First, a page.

Barrister and Solicitor
80 Richmond Street West, Suite 1905
Toronto, Ontario M5H 2A4
Telephone: (416) 363-4200
Telecopier: (416) 363-6200

March 10, 2003

Mr. Jonathan G. Katz
Secretary, Securities and Exchange Commission
450 5th Street, N.W.
Washington, D.C. 20549-0609

Dear Mr. Katz,

Re: Standards of Professional Conduct for Attorneys
Your File No. S7-45-02

As the Commission is aware, the Sarbanes-Oxley Act of 2002 ("Sarbanes-Oxley") and the rules proposed and adopted under it have resulted in consideration of similar issues by securities regulatory authorities and others in Canada. This is the case, as well, with respect to section 307 of Sarbanes-Oxley and the rules proposed and adopted under it by the Commission.

I am sending you with this letter for the Commission's consideration a policy paper that I prepared for the University of Toronto, Capital Markets Institute, entitled "Regulation of Lawyers by Securities Commissions: Sarbanes-Oxley in Canada". The paper is based on a presentation made at a roundtable held by the Capital Markets Institute on January 29, 2003.

The roundtable discussion and the policy paper were prompted by the rules proposed in the Commission's Release No. 33-8150. Although the policy paper is based on requirements applicable in Canada to lawyers practising before Canadian securities commissions and reflects laws, obligations and a cultural context that may differ from those in the United States, the discussion in the policy paper may be of assistance to the Commission, on an analogical basis, in its current deliberations on implementing standards of professional conduct for lawyers practising before it.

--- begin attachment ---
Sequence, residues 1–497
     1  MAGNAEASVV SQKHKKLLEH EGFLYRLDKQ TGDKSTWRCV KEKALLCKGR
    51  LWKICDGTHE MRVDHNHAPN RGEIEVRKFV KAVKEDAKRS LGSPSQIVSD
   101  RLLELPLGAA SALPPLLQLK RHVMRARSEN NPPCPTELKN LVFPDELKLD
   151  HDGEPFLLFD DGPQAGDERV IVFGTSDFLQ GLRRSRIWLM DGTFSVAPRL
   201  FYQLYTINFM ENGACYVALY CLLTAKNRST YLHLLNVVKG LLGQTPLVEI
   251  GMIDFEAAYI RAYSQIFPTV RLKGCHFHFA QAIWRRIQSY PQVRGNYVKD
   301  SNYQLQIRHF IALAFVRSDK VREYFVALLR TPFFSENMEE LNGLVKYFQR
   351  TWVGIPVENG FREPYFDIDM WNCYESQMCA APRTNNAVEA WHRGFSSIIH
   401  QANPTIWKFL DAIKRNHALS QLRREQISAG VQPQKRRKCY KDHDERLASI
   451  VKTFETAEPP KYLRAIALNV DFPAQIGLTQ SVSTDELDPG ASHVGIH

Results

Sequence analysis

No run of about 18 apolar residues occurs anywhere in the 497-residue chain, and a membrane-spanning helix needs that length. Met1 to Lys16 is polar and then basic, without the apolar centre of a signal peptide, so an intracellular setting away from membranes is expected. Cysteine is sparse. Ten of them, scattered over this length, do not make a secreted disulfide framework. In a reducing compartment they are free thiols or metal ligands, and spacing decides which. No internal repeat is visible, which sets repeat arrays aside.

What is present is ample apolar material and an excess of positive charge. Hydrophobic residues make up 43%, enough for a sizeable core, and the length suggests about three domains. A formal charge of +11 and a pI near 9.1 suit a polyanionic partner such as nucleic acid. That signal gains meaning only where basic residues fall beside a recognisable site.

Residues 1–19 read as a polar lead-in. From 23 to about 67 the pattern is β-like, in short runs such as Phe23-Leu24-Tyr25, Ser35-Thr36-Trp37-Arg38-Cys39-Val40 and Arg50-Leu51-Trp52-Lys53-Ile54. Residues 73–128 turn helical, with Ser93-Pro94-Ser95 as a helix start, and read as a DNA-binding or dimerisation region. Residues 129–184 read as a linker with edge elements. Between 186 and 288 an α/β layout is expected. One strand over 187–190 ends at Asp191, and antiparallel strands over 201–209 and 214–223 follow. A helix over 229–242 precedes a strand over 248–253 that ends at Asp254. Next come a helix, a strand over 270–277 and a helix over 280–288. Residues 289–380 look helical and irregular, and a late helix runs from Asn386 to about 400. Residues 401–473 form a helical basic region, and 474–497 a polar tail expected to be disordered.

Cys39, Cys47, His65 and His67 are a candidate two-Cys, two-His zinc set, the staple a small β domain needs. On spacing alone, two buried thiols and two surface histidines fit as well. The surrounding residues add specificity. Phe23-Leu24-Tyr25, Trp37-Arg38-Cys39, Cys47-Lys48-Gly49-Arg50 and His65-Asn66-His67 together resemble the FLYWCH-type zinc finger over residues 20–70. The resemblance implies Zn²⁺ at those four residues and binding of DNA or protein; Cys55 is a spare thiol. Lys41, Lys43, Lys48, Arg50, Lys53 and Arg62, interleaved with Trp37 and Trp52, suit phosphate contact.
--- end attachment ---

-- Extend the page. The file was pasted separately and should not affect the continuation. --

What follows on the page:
The policy paper emphasizes the different roles performed by lawyers representing issuers and others before securities commissions in an advisory capacity and by lawyers acting in an adversarial context. The distinction is reflected in the difference between solicitors and barristers in countries in the British Commonwealth in which there is a divided bar with different rules applicable to solicitors who provide advice to clients and to barristers who appear on their behalf in courts and other tribunals.

Lawyers in Canada, like those in the United States, are entitled to practise as both barristers and solicitors. Although the policy paper uses these terms, the discussion in it is not based on a formal distinction between barristers and solicitors, but on the functional differences that flowfrom the different roles performed by lawyers acting for clients in advisory and adversarial capacities. The policy paper views these different functions as having significance for the obligations that are and should be imposed on lawyers performing them when practising or appearing before a securities commission.